Charterers have continued to hold the upper hand this week in the Middle East Gulf. The market for 270,000 tonnes going to China is hovering in the mid WS 50s and a charterer able to take newbuilding tonnage fixed at WS 46 for a run to South Korea. S-Oil also paid WS 46 for 274,000 tonnes to Onsan on the 2001 built DHT Utah which only has a bunker sire. Chevron covered a shorter run to Singapore-Thailand reportedly at WS 55 again basis 270,000 cargo quantity. Going west, the market for 280,000 tonnes cape/cape to US Gulf dropped further with Exxon reported to have fixed at WS 24 region basis cape/cape down almost six points from a week ago.
Owners have seen their earnings drop in West Africa where rates for 260,000 tonnes to China eased initially to WS 55 before Chemchina took Leonidas at WS 53. Indian charterers paid the equivalent of around WS 51.25 for WC India discharge. Tonnage is starting to build in the Caribbean with the lack of enquiry putting pressure on rates there and elsewhere. Off the Continent, fuel oil is said to have been fixed by Socar at $2.85 million in contrast to rates of around $3.5 million a week ago.
A healthy supply of tonnage in West Africa has seen rates stuck in the low WS 70s for Europe, although owners did manage to push rates up marginally from WS 72.5 to WS 73.75 while a short run to Spain is said to have been fixed by Repsol at WS 75. In the Black Sea there is very much a sense of déjà vu with rates for 135,000 tonnes unchanged at WS 85. In the Mediterranean, BP paid WS 75 for 130,000 tonnes from Algeria to UKCont , while UML took Aegean Dignity for 135,000 tonnes from Ceyhan to UKC-Med at WS 75-80 respectively.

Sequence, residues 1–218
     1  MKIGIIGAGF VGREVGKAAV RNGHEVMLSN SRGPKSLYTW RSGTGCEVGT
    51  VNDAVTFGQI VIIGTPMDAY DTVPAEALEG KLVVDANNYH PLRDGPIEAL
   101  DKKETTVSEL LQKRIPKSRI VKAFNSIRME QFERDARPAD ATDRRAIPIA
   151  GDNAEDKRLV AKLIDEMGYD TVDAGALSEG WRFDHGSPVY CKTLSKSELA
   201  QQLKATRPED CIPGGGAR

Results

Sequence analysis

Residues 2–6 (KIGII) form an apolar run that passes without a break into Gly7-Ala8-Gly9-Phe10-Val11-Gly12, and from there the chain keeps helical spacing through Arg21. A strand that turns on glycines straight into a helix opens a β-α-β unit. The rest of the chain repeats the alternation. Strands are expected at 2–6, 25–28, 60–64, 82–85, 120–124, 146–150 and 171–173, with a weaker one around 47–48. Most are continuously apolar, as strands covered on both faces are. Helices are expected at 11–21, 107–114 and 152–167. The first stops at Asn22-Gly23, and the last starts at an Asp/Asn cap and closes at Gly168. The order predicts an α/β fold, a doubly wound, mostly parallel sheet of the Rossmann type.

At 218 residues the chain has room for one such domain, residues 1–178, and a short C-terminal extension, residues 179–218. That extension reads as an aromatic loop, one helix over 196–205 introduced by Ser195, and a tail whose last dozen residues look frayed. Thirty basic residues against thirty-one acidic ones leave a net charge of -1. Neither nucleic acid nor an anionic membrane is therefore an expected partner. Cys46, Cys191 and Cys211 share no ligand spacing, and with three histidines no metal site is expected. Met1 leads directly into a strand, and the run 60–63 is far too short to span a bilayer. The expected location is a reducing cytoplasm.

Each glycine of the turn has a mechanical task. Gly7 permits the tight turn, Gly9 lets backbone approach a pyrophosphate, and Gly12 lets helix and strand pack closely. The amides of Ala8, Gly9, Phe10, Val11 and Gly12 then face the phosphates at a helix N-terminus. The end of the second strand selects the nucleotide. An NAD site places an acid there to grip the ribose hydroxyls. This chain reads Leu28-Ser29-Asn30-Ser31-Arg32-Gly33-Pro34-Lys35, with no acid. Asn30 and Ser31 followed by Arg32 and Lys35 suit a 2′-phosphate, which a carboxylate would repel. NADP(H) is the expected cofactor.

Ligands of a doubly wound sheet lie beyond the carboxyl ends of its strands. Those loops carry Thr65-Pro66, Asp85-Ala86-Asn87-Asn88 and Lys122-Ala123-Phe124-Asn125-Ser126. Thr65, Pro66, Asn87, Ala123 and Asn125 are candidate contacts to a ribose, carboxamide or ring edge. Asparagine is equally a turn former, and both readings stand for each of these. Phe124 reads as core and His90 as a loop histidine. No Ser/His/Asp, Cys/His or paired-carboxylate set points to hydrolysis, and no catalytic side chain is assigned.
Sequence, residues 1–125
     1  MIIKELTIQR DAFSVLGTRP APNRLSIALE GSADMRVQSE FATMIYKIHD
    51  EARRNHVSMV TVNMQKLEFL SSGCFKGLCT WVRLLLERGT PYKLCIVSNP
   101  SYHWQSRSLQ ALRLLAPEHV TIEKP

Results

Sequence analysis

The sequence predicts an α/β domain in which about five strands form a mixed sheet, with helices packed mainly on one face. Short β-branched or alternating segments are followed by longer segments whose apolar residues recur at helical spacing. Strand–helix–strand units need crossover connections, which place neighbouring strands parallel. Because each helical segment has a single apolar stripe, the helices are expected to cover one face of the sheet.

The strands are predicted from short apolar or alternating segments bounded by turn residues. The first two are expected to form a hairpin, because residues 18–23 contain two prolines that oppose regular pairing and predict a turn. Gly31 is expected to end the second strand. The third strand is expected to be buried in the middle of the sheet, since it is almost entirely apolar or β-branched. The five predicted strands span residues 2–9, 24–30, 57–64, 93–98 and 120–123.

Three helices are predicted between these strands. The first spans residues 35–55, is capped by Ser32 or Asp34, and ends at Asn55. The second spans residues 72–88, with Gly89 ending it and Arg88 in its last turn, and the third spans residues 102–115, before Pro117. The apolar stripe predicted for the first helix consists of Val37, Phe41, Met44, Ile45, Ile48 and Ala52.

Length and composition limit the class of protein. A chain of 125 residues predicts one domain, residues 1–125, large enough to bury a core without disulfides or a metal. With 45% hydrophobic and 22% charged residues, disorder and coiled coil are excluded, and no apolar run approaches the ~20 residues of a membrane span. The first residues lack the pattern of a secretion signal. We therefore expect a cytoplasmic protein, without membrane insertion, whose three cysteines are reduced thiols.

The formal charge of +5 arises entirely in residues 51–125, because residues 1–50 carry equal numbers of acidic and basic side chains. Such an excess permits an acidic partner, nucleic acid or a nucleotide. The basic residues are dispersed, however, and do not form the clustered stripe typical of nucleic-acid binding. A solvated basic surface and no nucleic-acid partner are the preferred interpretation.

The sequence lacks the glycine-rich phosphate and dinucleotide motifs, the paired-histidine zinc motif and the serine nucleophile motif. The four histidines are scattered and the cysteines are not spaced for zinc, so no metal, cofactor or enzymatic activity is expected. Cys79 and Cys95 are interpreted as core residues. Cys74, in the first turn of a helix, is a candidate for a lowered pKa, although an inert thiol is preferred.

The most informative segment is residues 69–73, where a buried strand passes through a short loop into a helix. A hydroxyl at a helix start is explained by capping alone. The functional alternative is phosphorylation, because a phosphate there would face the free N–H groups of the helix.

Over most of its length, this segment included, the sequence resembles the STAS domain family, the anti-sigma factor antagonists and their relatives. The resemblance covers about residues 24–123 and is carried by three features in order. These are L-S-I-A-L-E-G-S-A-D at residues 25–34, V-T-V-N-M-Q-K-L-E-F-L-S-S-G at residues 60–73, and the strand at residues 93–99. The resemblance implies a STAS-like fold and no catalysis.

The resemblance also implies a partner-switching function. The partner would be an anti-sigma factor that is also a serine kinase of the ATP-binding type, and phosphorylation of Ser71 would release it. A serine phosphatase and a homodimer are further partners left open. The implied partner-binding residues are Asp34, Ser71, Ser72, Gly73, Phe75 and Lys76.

In the Mediterranean, a busy week led to a clear out of tonnage and with a couple of replacement cargoes thrown into the equation, owners managed to push the market up around WS 30 points to WS 135/137.5 level for both Med and Black Sea loading. However, with the improved market here, brokers feel there will be increased interest from suezmaxes on part cargoes thus capping the rates here.
In the Baltic, the initial status quo was maintained with rates for 100,000 tonnes steady at WS 67.5 before increased off market activity led to rates gaining around WS2.5 to 3 points to settle in the very low WS 70s. In the 80,000 tonnes cross North Sea market, rates have held steady at around WS 100 although with a number of ships on subjects, brokers feel there is potential for the market to firm here also.
In the 70,000 tonnes Caribs/upcoast market, rates at the start of the week eased further to WS 95 before improved levels of enquiry led to a thinner tonnage list and the lack of tonnage with a safe itinerary, combined with a number of outstanding cargoes, has seen rates regain lost ground with the market now at around WS 125 level.
It has been an uneventful week in the 55,000 tonnes ARA to US Gulf trade, with rates largely unchanged at WS 112.5 and Skikda rates at similar levels.
It has been a week to forget for owners in the Middle East Gulf, with the market for 75,000 tonnes to Japan losing around WS 17.5 points to WS 90 and there is even talk of a ship being on subjects at WS 85. It is a similar story in the 55,000 tonnes AG/Japan trade where rates remain under pressure with the market losing almost 15 points to sit now at around WS 97.5 .
Rates in the 37,000 tonnes Cont/USAC market, which started the week at WS 120, have recovered modestly with the market now at WS 125 aided by improved levels of enquiry, although there is still early tonnage available. In the 38,000 tonnes back haul trade, it has been an uneventful week with rates hovering between WS 95/100 level with the last seen fixed here at around WS 95.
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